Sunday, December 3, 2017

A White Christmas

I got a lot of responses to yesterday's post, none of them negative.  What sort of people come to this blog?  We're just a collection of misfit toys, I guess.  Perhaps you love as much as I do the idea of people acting badly?  I like living in Middleville, but I love taking day trips to the Land of Misbehaving.

One must be careful these days, though.  Such talk can land you in the slammer.

After I wrote my piece yesterday morning, I set out on my little scooter for the Boulevard where the hometown Christmas Parade was about to take place.  Yes, we still have Christmas here.  And it is a white one.  Really, really white.

I first took pictures of the parade forty years ago.  Black and white film, funky pictures.  If you've been coming here for awhile, you've seen them before.  Back before the Great Invasion, when this was still a small community for the small population who lived here, I used to go down and see my friends in the morning.  There was Betsy, still in last night's clothes, wobbling on heels, looking like something out of yesterday's Vogue.  We would grab a table at a Boulevard Cafe and eat breakfast while we watched it all passed by, people stopping at the table to tell last night's tales.  This used to be a town chock-full of tales.  It was a better place to live that you could ever imagine.  Now, it is like a lot of other towns that have been Disneyfied.  It was Google Maps that did it.  The Boulevard used to be a difficult street to find, and once you found it, you were shunned for not belonging.  You didn't have fun.  But once the developers got in, the zoning laws changed and the population went up and they started coming here by buses and cruise ships.  Now the Boulevard has become a bit of a tree-lined, brick street, outdoor mall.

So yesterday, the Boulevard was packed.  Still, there is a heavy town influence, and the groups marching in the parade or riding in convertibles or on the few flatbeds are from here.  The Vespa was just the thing for driving in, though, and I parked a block from the parade.  Getting off the bike, however, my back seized up.  I mean it gripped.  I could hardly straighten up.  I had to walk slowly and had to grimace.  This adds an element to the story to come, I'm sure.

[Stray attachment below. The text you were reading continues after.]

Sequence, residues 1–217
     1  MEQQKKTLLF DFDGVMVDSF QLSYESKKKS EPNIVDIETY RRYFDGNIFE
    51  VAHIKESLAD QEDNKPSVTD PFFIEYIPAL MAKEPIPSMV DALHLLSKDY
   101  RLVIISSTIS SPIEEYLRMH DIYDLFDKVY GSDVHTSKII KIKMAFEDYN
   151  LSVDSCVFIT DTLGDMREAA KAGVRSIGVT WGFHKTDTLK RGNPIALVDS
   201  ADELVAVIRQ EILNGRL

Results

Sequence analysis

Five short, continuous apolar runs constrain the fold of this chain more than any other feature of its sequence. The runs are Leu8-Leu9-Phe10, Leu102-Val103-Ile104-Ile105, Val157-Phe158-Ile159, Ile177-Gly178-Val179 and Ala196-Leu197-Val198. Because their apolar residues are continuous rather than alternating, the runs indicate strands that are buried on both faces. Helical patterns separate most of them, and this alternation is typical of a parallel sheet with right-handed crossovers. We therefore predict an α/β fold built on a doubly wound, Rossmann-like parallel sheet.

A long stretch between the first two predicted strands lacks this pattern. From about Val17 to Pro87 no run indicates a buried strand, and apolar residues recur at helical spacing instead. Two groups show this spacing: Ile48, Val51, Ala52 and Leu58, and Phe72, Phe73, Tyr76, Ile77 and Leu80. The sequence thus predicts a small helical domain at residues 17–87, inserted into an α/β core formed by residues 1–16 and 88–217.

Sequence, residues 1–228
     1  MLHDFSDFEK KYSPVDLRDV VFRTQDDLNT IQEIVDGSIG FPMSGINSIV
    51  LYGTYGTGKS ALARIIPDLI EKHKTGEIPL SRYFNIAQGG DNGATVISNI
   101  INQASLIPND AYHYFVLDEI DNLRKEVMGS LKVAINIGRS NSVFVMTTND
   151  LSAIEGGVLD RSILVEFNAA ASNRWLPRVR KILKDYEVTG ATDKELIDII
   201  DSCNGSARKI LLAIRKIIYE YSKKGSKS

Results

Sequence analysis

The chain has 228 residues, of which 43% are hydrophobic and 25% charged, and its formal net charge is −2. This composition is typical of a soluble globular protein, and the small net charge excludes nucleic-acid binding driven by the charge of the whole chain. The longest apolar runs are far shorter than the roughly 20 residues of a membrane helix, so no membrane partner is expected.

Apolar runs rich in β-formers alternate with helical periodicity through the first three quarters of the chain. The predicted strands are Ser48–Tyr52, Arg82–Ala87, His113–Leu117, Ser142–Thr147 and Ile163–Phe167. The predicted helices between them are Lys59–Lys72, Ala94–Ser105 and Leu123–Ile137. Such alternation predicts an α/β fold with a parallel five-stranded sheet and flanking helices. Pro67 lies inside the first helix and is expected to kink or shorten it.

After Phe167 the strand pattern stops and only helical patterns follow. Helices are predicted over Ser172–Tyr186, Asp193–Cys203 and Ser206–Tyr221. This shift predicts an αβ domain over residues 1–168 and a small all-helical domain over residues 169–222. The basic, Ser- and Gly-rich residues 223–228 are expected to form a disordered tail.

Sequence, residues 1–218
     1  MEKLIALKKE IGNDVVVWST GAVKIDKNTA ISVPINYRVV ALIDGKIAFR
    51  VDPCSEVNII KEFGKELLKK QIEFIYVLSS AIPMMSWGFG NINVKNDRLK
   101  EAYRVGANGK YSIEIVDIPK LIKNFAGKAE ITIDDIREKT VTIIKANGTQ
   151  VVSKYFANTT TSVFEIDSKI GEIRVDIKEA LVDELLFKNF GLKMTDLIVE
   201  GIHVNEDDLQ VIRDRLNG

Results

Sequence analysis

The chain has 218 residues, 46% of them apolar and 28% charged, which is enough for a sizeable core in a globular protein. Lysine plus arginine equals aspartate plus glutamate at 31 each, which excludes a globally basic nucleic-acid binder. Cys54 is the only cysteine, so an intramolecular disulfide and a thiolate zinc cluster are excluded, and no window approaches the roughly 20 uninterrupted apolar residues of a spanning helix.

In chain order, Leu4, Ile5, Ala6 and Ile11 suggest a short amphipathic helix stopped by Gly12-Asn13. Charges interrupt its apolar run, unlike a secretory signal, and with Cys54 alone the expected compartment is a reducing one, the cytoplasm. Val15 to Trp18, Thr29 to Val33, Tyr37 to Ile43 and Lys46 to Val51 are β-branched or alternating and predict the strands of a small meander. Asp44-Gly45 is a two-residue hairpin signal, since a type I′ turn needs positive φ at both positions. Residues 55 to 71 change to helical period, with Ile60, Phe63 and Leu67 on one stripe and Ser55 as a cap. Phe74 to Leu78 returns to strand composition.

I mean, if you really want to get into trouble, be an old guy with a camera at a Christmas parade.  But no, it can't be true.  Everybody had cameras.  People were taking photographs all over the place.  But me. . . somehow, I drew a lot of looks, and they didn't look like they were full of pity for the poor guy in pain.  Worse, however, there were plenty of people in the crowd who recognize me.  I'm telling you, it is a mistake to photograph in your own hometown.  But the crowd was large, as I say, and I've been taking pictures at the parade for decades, and I wanted to continue.

I had taken my digital Leica M 262.  I don't shoot with it much, and I spent a lot of money on it, so I wanted to see what I could do with it.  It is a beautiful camera and makes lovely images, but yesterday cured me of dreaming of owning the Leica M10.  As wonderful as the cameras are, almost every other camera has better features.  Manual focussing sucks.  In a crowd where everything is moving, trying to capture focus takes too long.  And I know how to use depth of field on a rangefinder.  I was shooting at f11 and f16 but things still turn out not to be tack sharp.  Any camera with autofocus will beat me using a manual focus lens.  I like the camera, but not for how I'm shooting now.

Luckily, I had my little Fuji 100F with me.  It is great for quick crowd shots.  Point and shoot.  Bam!  And I found that I like my hip shot pics much more than when I put the camera to my eye.  There is something in those weird angles with images falling out of the frame in awkward ways that appeals to me much more now.  They have the elements of a peep show and have more of an offhanded "On the Road" feel than the others.  I've had much practice and can really anticipate a shot just by pointing the lens without looking through it.  At least that is how I feel now.